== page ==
En cas de panne sèche

If you happen to pick up a Land Cruiser at a remote border crossing in Côte d’Ivoire one day, well over 100km from the nearest fuel station, and you find that your colleagues on the Liberian side of the border have kindly drained all the diesel out of the two 70L 90L fuel tanks, hence explaining why they were three hours late arriving, there are a number of potential solutions to get you out of your predicament.

Liberian border crossing at Pekanhouebli

The first solution is that you were already prepared, and brought some diesel in 20L jerrycans with you to the border, attached the roof of the vehicle that transported you to the border crossing (let’s call this Land Cruiser A, and call the other one Land Cruiser B).

Metal jerrycans

If you didn’t think of this, the next best option is to syphon some fuel from one of Land Cruiser A’s fuel tanks into one of Land Cruiser B’s fuel tanks using a syphon tube. Of course, while trying this option you may realise that Toyota had you in mind when they installed anti-syphoning guards in Land Cruisers, making it virtually impossible to get the syphon tube into the fuel tank of Land Cruiser A.

Syphoning fuel

Once these first two solutions have been eliminated from your list, there is a third option available: open the drain plug on the bottom of one of Land Cruiser A’s fuel tanks and place a container underneath to catch the diesel as it slowly pours out the small hole. To do this, you should park the vehicle on level ground or, if possible, on raised tracks so there’s more ground clearance between the bottom of the fuel tank and the container you’re using to catch the diesel. This is very time-consuming, as a Land Cruiser consumes about 13L/100km, and the fuel drains out of the tank pretty slowly. You’ll also be taking fuel from the very bottom of the tank, which means you get all the mucky sediment settled on the bottom, which is not good for your vehicle. Hopefully the fuel filter in Land Cruiser B can remove most of the sediment before it gets to the engine.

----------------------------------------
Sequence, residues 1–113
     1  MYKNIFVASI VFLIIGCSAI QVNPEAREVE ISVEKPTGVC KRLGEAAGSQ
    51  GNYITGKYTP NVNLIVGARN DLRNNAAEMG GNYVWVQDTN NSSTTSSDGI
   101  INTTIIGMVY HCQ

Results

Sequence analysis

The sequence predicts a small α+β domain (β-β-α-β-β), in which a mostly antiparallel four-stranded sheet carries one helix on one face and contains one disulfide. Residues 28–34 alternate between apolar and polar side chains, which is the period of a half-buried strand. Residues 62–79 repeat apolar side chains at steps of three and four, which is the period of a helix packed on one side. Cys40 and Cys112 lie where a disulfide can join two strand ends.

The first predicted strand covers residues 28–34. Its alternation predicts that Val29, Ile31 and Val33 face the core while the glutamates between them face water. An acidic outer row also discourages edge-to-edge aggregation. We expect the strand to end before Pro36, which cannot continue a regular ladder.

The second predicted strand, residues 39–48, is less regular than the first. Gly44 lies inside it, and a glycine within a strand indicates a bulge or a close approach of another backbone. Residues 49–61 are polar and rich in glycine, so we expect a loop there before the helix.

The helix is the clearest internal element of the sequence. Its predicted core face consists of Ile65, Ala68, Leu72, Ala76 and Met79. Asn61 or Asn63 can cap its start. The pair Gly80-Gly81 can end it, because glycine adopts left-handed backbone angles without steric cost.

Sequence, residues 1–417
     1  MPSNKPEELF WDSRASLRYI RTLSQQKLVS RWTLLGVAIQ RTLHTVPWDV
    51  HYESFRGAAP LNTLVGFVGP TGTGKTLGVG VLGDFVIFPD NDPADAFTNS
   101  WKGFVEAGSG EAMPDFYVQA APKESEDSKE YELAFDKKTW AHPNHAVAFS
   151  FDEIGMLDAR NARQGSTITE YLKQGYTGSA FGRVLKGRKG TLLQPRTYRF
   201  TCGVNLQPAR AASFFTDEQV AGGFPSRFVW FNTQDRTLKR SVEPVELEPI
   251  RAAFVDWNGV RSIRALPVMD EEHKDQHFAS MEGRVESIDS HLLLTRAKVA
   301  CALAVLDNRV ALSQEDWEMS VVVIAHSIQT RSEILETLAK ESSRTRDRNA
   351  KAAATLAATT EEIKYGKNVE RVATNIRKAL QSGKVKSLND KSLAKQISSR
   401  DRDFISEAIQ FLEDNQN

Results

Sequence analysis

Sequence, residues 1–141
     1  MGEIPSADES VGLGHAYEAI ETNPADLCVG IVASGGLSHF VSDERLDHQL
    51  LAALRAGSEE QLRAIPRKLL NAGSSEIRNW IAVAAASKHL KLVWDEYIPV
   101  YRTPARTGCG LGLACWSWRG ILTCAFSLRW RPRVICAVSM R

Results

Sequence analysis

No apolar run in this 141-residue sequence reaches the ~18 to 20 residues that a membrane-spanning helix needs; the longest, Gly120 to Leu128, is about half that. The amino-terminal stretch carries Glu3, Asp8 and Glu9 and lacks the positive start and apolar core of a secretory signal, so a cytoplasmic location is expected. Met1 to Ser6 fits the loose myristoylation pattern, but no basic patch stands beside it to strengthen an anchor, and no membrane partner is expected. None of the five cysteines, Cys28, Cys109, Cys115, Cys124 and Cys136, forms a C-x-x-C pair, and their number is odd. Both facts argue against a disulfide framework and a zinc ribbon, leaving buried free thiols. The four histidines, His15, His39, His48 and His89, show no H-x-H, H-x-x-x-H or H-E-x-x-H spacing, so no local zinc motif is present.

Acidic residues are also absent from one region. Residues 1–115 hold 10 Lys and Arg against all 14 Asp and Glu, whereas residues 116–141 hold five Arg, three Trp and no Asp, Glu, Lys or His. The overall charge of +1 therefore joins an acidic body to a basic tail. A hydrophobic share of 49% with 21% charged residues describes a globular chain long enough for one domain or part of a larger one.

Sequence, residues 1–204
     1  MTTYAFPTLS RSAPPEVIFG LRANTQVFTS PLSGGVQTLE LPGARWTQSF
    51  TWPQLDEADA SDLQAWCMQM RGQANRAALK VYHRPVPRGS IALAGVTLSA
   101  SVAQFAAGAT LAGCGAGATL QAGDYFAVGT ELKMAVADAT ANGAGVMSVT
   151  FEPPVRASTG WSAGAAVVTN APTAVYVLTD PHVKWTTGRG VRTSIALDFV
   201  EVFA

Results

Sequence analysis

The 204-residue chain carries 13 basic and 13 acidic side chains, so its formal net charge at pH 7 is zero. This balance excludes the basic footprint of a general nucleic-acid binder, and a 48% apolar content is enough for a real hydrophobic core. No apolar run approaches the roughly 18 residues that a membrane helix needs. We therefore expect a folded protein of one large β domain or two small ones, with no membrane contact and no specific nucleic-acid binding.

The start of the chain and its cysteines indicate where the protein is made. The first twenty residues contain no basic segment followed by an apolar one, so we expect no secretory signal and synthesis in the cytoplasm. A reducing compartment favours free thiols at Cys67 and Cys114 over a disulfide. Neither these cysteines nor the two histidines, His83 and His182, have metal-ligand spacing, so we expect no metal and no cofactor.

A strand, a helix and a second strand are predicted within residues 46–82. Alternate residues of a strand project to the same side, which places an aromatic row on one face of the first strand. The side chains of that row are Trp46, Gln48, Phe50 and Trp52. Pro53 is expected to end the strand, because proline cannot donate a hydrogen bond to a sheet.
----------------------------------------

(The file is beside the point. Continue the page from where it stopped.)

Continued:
Draining fuel from reservoir

The fourth and final solution available, aside from parking the vehicle and coming back later (and probably finding it missing upon your return), is to buy fuel from a friendly Italian aid worker who happens to have just opened an office 50 metres away from where you’re trying to drain fuel out of your tank, and who happens to have made a fuel run the day before to stock up on hundreds and hundreds of litres of diesel, and who happens to have seen you from his office window trying the second and third solutions.

Disclaimer: The postings and views expressed on this site are mine alone, and do not represent the position or values of Médecins Sans Frontières.

2 Comments

  1. Fraser February 24, 2012 at 12:31 #

    Love it! :-) I thought the LC had 2*90l tanks. At least it did in my day. Did I tell you about the use of the fan motor to wind the clock forward to steal fuel out of the LC’s in Burundi. Happy days!

  2. The PhotoDiarist February 27, 2012 at 07:35 #

    Yes, Fraser, you’re right! They’re 2*90L (though I saw a spec once that said they’re actually only 87L each, which is the size of many single LC Prado tanks, not sure if it was correct).

    Using the fan motor to wind the clock forward… how does it work? Did they connect the odometer cable to the fan motor somehow?

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